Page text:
These are just some of the phrases that my red pen has traversed in recent months:
Such statements are often innocently inserted but the underlying suggestion is that the non-significant findings might be significant if the study was to be done again, or if the study had used a larger sample.
Perhaps statements like this largely originate from the mistaken belief that if the study was nearly significant this time then it will probably be significant next time. However, there is no basis to this belief. A p value does not get progressively smaller with replication. To the contrary, p values are random variables: if a study was to be exactly replicated many times the p value would jump around [1, 2]. This has been called the “dance of the p values” . Even if the next study has a larger sample size than the first, there is no guarantee that a “nearly significant” result will become a “significant result”.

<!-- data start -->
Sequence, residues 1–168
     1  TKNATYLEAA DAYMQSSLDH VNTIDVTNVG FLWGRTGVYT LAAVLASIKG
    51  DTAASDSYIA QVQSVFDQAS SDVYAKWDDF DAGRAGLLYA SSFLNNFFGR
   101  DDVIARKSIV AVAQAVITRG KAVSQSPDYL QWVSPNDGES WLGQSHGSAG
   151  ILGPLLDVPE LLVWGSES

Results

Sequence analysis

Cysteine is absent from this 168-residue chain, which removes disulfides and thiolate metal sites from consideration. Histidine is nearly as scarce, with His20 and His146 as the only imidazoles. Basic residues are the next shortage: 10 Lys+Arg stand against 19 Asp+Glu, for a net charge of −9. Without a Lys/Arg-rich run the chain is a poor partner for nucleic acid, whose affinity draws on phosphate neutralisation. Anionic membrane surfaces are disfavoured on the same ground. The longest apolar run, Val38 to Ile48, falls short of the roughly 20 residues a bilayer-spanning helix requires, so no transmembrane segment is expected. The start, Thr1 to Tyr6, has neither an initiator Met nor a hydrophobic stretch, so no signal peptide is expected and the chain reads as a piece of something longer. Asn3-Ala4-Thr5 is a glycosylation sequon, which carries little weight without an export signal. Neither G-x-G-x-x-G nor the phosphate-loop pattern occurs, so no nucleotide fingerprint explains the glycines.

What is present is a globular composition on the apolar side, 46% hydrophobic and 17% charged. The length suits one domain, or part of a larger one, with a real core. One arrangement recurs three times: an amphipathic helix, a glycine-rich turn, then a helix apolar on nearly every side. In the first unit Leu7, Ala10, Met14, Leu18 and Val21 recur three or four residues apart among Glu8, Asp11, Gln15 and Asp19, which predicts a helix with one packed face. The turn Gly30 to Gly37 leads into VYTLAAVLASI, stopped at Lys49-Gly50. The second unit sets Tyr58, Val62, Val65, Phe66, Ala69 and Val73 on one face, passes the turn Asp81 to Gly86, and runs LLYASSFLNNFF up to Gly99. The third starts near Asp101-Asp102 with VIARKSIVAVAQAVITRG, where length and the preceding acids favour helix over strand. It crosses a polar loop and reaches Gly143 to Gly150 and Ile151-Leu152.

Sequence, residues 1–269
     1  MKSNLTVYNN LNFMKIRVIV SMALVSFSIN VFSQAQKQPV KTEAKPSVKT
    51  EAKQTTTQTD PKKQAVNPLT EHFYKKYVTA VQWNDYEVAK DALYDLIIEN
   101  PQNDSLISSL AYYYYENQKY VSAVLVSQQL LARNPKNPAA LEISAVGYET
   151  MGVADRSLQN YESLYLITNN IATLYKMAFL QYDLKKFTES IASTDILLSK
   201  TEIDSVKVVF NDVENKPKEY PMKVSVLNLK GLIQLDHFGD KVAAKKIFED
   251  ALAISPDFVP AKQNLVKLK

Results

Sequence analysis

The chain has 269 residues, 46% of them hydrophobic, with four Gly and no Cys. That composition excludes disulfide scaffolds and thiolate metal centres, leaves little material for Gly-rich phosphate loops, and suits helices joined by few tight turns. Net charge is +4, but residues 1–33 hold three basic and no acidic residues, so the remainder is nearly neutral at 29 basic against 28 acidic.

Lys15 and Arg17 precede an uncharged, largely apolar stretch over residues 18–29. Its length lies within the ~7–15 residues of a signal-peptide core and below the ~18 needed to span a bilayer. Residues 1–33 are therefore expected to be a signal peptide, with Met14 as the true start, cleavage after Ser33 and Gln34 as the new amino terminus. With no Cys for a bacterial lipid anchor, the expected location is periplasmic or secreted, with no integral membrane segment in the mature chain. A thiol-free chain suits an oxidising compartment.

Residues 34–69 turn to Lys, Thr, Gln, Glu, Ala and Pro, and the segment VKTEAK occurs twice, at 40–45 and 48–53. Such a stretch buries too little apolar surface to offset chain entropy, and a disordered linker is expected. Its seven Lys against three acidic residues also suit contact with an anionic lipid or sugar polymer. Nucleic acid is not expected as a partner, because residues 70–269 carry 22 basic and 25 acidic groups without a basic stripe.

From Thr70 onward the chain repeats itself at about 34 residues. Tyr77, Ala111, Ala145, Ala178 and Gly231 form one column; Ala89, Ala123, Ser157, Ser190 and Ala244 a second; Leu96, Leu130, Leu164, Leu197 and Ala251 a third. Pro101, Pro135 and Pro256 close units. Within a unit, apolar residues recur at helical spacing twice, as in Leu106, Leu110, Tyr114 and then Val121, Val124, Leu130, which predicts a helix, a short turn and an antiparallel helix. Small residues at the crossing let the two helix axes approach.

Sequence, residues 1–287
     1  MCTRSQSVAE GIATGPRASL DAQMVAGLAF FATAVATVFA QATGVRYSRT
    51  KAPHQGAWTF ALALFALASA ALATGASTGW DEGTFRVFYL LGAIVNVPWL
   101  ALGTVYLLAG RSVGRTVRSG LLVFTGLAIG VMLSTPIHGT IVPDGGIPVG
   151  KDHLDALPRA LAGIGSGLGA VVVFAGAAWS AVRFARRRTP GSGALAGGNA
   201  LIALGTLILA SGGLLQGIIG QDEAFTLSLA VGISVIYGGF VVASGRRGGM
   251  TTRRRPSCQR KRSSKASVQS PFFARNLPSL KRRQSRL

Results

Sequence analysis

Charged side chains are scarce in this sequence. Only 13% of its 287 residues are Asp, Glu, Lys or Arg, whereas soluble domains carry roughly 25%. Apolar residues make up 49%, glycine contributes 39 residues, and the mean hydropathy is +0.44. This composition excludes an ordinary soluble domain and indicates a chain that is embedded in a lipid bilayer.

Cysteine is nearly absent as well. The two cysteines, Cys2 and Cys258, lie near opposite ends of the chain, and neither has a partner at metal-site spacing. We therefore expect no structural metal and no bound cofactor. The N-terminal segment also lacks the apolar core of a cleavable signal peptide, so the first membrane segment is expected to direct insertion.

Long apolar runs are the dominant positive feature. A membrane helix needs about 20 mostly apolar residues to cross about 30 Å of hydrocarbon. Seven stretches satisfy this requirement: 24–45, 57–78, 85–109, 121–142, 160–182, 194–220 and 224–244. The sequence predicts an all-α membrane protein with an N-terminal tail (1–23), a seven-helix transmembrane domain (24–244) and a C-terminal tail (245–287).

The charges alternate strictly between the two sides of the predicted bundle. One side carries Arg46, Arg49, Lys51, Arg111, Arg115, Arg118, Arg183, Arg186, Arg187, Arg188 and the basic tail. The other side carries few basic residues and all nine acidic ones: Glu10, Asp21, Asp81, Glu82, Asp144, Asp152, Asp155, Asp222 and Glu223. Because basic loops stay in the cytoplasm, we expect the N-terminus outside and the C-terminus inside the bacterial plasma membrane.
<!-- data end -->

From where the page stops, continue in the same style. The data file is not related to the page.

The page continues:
The “nearly significant” terminology may in part be due to the arbitrary nature of setting critical p values at 0.05. There is no good reason, beyond neatness, for setting the critical p value at 0.05 rather than 0.06 or 0.07. So—surely—near enough is good enough. This logic might be acceptable if it were used consistently and in both directions: the researcher would need to be prepared to say just as many times that a p value of 0.04 was nearly insignificant or on the brink of insignificance as they were to say that a p value of 0.06 was nearly significant. Of course that is never going to become accepted practice! After all, a p value is a line drawn in the sand. Researchers are free to draw different lines before they start a study but they are not free to change the rules when their data do not oblige.
Spinal Cord will continue to remove any statements that imply that a p value is on the brink of, close to, or approaching significance because: